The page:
I was deeply saddened to hear of the loss of Joe Jordan-Berenis, and I pray for him, his family and his many friends. I worked with Joe at Pete’s Place Interfaith Community Shelter from 2016-19 as a clinical mental health counselor and supervisor, running the Life Link Outreach program at the shelter during those years.
Joe’s office was down at the end of the hall across from a room that sometimes was an art room, at other times a choral theater, sometimes a bunkhouse, a meditation room, yoga studio or even a makeshift hospital. The shelter was and is a vibrant place, and I spoke with Joe pretty much every day; he would come by to chat about something, or I would go visit him about some pressing need, which often was not as pressing as the needs of the line of people at his door, people coming to see him for any problem under the sun. They wanted guidance or a shoulder to cry on; or they needed money; or they had family trouble or legal trouble; they needed a job or protection; or a car, clothes, a tent or a hug.
Although it would have been a privilege to have Joe as my boss, by happenstance we had somewhat parallel roles; yet it was only from modesty that he treated me as a genuine partner during my time there. I felt uplifted by that elevation, a position I hadn’t quite earned, given Joe’s extensive accomplishments in New York starting right after Woodstock, building from scratch over many years a still-thriving agency, a sort of combination Pete’s Place and Life Link. I just felt fortunate to see him in his element: not just among a throng of guests, but in a very well-organized office running a complex social-service machine, with a large meeting table that often held stacks of grant proposals and other projects that kept the shelter thriving and growing behind the scenes.
I was able to witness some of his victories — grants gained, tenuous progress defended, new building accomplished and always new programs on the way. I would also see, often firsthand, Joe’s constant presence and effect on city stakeholders, sometimes through heated discussions, working to meet the needs of people whose promise and capability society tends to ignore. In some sense, I was also one of those stakeholders who needed a little educating. I remember a guest or two who I thought needed a firmer boundary — but of course, that carried the risk of pushing them away. Instead, Joe offered space and patience. A sort of well-considered, strategic patience. And most often, it worked.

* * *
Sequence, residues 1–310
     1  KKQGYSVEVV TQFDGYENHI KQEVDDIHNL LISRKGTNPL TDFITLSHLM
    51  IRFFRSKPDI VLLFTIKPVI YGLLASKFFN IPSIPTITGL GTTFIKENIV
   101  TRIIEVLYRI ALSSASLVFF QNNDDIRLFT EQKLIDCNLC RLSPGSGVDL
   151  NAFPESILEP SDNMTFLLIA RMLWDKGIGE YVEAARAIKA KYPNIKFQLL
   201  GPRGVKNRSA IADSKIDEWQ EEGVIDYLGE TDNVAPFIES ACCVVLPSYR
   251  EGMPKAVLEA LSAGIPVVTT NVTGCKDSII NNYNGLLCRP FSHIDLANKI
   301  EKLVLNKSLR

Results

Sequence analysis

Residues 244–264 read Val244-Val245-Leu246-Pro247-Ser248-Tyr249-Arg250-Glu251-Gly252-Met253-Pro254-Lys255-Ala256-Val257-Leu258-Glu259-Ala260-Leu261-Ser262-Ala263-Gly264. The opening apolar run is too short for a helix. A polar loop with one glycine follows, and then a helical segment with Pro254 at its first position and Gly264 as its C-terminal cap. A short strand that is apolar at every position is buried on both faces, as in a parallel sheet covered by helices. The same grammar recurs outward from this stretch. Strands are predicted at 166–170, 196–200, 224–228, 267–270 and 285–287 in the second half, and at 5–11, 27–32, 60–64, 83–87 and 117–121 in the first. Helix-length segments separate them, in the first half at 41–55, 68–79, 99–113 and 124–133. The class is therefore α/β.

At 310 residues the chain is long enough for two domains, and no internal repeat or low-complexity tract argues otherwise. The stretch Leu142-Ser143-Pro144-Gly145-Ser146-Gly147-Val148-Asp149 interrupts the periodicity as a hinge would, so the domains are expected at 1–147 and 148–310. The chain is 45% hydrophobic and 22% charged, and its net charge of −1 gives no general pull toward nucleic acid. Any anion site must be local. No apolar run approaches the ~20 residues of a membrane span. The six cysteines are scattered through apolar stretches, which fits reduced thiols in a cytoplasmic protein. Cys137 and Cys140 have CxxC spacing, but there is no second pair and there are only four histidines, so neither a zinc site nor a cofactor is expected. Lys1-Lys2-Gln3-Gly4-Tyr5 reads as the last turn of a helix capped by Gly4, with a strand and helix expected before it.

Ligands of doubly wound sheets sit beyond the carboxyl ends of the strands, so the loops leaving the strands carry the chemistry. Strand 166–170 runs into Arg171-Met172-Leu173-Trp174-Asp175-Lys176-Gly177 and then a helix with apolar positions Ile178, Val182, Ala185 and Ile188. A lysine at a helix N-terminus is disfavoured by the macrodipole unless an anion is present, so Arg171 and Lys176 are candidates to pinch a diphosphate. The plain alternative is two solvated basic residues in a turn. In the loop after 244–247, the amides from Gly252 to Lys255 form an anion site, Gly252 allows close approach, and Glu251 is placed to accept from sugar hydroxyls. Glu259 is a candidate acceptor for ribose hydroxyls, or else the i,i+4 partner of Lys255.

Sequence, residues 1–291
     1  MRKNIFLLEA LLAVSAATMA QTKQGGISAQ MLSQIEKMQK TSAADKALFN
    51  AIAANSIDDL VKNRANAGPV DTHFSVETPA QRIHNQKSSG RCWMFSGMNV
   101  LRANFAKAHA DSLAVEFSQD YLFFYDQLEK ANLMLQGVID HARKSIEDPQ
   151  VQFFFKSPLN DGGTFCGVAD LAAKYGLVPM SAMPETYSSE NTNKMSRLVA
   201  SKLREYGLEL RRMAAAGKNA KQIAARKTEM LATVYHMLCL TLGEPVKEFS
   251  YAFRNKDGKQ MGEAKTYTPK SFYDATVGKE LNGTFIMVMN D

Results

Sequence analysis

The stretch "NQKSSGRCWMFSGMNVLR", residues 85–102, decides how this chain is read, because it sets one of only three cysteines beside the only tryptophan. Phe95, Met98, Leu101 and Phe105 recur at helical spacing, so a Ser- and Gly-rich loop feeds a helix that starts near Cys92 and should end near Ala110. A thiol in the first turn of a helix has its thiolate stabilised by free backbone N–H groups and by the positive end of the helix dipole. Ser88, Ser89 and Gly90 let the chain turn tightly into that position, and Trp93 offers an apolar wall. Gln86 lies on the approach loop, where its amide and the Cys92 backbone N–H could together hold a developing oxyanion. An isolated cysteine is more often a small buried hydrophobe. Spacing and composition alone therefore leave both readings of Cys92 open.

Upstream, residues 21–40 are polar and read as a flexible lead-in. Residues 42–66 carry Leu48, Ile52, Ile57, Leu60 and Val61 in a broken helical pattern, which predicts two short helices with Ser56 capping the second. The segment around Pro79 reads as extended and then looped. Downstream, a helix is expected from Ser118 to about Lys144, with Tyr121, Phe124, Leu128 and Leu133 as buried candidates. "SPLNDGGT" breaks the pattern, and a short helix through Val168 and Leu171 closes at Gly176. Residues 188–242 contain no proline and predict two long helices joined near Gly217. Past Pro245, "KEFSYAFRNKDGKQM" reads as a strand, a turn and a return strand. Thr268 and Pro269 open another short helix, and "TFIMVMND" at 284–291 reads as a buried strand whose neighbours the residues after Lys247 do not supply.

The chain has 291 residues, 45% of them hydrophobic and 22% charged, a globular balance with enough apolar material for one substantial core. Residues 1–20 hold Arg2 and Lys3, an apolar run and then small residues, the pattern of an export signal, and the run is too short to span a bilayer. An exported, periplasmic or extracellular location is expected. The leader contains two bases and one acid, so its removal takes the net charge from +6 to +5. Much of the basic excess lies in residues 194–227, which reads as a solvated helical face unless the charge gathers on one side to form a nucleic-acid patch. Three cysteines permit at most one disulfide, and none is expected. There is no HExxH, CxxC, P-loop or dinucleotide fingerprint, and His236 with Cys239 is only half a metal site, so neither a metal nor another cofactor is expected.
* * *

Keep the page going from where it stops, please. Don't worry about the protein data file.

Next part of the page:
Joe was very special in this way. He took up the practice of loving and respecting each and every person for their particular qualities, and he took on the mission of taking a very long view. Any progress, he noticed it. If there was a very difficult personality and yet he sensed some sort of pathway forward for that person, that’s where he put his mind and his energy, and his resources, even out of his own pocket when necessary.
I remember another guest I gradually came to love, who had a knack for confrontation. One day you could be a trusted friend, and the next, the very worst enemy. One time after the guest chewed him out, Joe told me he really felt privileged to care for them, because he knew about their childhood. In cases like this, Joe could be like an ocean that wasn’t bothered being pelted by rocks. On one of the days where this guest could accept some of his fatherly care, Joe glanced at me and almost winked, as if I was in on his secret. I said, “Boy, is it beautiful when they smile,” and Joe touched me on the chest and said with an impish grin, “Exactly!”
I have very great respect for Joe Jordan-Berenis. I rarely meet people like him, people with shoulders that broad, who can carry that amount of weight, and yet be there with anyone at any time, with an open and inquisitive offer of understanding and love.
Finally, lest anyone think I mean to say Joe was all rabbit and no hawk, that was not the case. He told me he had learned, from his military days, “You get what you inspect, not what you train.” His inspecting eye was open, he could see what was going on, and that was exactly the behavior he continued to shape. But he was playing the long game — the very long game, I believe, that is required if we really wish to benefit people.
I will always be grateful to Joe for teaching through his powerful example. Joe’s agency in New York, Family of Woodstock, has a motto: “Any Problem Under the Sun.” That’s just the sort of problem that Joe could handle.